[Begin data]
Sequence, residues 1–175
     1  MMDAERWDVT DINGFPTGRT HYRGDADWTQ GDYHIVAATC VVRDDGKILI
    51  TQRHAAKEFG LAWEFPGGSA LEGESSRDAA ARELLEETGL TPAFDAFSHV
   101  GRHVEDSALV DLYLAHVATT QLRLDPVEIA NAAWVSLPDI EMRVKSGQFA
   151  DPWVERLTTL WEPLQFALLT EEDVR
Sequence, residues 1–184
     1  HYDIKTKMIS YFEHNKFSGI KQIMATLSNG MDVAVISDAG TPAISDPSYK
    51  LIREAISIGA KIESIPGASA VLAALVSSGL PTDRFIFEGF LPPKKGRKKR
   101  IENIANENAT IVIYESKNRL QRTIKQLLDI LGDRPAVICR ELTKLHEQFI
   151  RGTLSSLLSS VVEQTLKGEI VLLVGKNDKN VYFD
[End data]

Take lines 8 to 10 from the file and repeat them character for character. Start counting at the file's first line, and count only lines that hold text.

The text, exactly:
    51  LIREAISIGA KIESIPGASA VLAALVSSGL PTDRFIFEGF LPPKKGRKKR
   101  IENIANENAT IVIYESKNRL QRTIKQLLDI LGDRPAVICR ELTKLHEQFI
   151  RGTLSSLLSS VVEQTLKGEI VLLVGKNDKN VYFD